Map of Aizanoi Antique CityLoad map
The coordinates shown for all tentative sites were produced as a community effort. They are not official and may change on inscription.
The highlight of the sites here is clearly the Temple of Zeus. It is half restored and looks impressive from the side I took a picture, with the acroterion placed in front it also in good condition. Not having done much research I didn't expect to go UNDERNEATH the temple this time - which Roman temple can you say you went to visit the basement? As you descend the steps (the same way as they did in ancient time) you feel the vibe of the sanctuary. It may have something to do with the eery music playing of course. there isn't that much to see here but what you see is quite interesting. Pedestals, broken columns as usual, an altar piece. Several have descriptions. I enjoyed this place. Although they try to keep pigeons out as much as possible they should try to close off the gaps a bit more. The temple visit only costs 6 lira!
If you have more time to spare you can seek out the antique macellum (market) with the Price Edict of Diocletian, a kind of inflation ceiling used back in the days of said Roman Emperor.
The theatre is mainly destroyed and not worth your time if you have seen similar ones in other areas (and I'm sure you have).
The necropolis is rather mediocre.
The bridge is under renovation early 2019.
Combining all these may be enough for an inscription. It's a worthy visit for at least the temple of Zeus.
Our trip to Aizanoi on an early spring day way back in 1989 was a great experience.
The place is dominated by an extremely well preserved and photogenic temple. I was impressed by the presence of the remains of an earlier Phyrgian (or Christian?) temple that has been preserved under the foundations of the present temple.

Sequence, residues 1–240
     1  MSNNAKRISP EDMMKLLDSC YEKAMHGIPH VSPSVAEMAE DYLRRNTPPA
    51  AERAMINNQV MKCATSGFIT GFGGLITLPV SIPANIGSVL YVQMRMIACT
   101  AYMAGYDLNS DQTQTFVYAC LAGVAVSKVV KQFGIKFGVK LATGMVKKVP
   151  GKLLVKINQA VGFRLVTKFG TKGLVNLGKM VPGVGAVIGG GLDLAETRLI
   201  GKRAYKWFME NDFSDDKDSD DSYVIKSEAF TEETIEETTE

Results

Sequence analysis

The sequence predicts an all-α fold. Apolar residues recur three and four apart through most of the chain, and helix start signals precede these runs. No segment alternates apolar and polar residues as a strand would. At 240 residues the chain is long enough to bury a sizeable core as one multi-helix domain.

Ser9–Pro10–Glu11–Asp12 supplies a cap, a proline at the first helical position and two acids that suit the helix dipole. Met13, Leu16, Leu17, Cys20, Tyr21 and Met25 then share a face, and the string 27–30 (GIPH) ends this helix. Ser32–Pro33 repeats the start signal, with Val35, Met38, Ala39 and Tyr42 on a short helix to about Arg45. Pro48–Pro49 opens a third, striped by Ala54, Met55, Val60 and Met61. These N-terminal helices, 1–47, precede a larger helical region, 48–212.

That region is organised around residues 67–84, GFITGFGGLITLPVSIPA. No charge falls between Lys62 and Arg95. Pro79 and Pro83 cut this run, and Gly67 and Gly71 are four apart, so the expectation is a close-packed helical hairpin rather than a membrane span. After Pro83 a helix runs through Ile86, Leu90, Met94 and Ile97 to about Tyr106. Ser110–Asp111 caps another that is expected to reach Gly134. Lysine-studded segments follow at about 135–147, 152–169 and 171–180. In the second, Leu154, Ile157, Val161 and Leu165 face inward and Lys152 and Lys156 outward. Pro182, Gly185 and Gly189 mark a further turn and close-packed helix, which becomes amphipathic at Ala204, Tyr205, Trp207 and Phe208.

The ancient marketplace has a list of goods sold there and their prescribed prices all carved into marble in Latin! The authorities must have thought that life would never change.
There is a modern but attractive (in its own way) village of Ēavdarhisar that coexist among the ancient ruins which is sort of pleasant, in that it shows that empires and cultures may change over the ages but life goes on at its own pace.
All in all, there are few places where the ancient Roman life exhibits an almost natural continuation in a modern environment.
Aizonoi was not a very important city in antiquity compared to other great Anatolian metropolises such as Ephesus which dominated life at their epoch, but the more important places also kept on changing. Compared to these places which no longer exist in their ancient state, Aizonoi is a vibrant and still lively place of antiquity, well worth the visit.